I think it says a lot about my friendship with Jaime that we both wanted to visit the Bonaventure Cemetery first on pretty much our only day in Savannah. Not only because it was at the top of our list of things to see, but also because we both knew that’s when the light would be best for taking pictures. Friendship made in heaven. So on our first morning in Savannah, we skirted the city and found our way to the Bonaventure Cemetery.
The first thing we noticed were all of the live oaks with Spanish moss. New Orleans has a fair amount of these lovely trees, but it doesn’t compare with Savannah. Savannah’s streets are all lined with them, as was the cemetery.
I love them, and they are perfectly at home in a cemetery. However, I’m afraid that all cemeteries kind of lack in comparison to the ones in New Orleans. If only I could combine the live oaks of Bonaventure with the tombs and mausoleums of Metairie, I’d have the perfect cemetery. That’s not to say there weren’t lovely monuments and sculptures. Here are a few:
And don’t forget a monument to the fastest woman in the South.
There were some different types of markers that I haven’t seen in many other cemeteries. First, there were these bathtub type graves.
I think they might be for people to plant flowers in them. That would look really nice if people actually did it. Then there were several of these door/arches.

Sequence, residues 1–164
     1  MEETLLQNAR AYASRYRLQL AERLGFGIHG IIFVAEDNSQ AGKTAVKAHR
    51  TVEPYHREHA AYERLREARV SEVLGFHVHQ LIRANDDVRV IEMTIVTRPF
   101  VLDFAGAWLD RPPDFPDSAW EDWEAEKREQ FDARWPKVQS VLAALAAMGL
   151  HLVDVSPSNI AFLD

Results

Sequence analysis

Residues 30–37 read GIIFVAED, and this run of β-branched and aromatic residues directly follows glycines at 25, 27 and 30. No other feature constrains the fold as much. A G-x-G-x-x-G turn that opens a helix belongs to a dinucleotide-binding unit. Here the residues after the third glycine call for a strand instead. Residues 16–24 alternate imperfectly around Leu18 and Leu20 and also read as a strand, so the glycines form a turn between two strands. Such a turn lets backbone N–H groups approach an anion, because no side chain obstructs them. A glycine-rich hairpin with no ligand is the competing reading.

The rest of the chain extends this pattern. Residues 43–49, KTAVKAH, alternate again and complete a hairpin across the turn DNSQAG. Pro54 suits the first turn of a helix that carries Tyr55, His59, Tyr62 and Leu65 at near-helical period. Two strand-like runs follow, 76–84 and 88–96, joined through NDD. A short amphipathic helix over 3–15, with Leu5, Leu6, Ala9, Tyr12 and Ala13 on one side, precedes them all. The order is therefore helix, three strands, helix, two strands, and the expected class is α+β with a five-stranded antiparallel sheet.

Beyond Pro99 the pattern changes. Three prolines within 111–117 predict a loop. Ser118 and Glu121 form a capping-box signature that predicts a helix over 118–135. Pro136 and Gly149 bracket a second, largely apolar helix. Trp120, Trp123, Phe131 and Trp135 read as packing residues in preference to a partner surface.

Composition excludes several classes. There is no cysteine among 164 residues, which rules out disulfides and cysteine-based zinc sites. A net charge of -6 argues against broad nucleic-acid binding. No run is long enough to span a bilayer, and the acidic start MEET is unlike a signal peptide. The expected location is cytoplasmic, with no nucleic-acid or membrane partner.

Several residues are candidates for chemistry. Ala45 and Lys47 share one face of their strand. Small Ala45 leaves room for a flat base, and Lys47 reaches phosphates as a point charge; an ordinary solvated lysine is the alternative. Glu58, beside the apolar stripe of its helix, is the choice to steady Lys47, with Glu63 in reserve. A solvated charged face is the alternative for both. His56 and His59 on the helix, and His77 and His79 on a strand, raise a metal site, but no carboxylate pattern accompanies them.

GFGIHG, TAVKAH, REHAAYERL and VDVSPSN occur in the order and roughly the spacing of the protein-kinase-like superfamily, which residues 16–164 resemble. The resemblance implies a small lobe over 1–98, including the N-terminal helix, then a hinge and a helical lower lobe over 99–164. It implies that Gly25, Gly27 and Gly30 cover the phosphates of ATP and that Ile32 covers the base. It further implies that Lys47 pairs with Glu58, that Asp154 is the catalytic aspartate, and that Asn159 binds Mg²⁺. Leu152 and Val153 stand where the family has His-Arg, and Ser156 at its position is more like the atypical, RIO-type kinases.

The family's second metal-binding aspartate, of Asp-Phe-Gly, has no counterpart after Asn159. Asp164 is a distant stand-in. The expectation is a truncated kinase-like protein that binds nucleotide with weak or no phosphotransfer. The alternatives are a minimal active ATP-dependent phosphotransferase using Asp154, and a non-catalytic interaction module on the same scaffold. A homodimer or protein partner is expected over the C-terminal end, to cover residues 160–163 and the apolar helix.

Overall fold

Jaime and I decided they symbolized the door into the next world. I really like that idea for a grave monument. Speaking of doors, these look like something from The Lord of the Rings.
And I kind of wish that I had a friend with the last name Kracken. Because then I could always say, “Release the Kracken!” (That wouldn’t get old or anything.)
While we’re on the subject of sci-fi/fantasy… at first I thought these hands engraved on a stone were the Vulcan salute.
But I did a little research and found out that it’s a Jewish symbol for descendants of Aaron and the hands symbolize a blessing. I also really love this inclusion.
I already posted about Johnny Mercer, who is buried in the Bonaventure Cemetery, but here is one last locally famous grave. The statue is of Gracie, a little girl who died when she was six.
And just in case you are wondering, the Bird Girl statue from the cover of Midnight in the Garden of Good and Evil isn’t at this cemetery. It used to be, but now it’s at the art museum. I felt really cool when another tourist asked me where to find it, and I knew.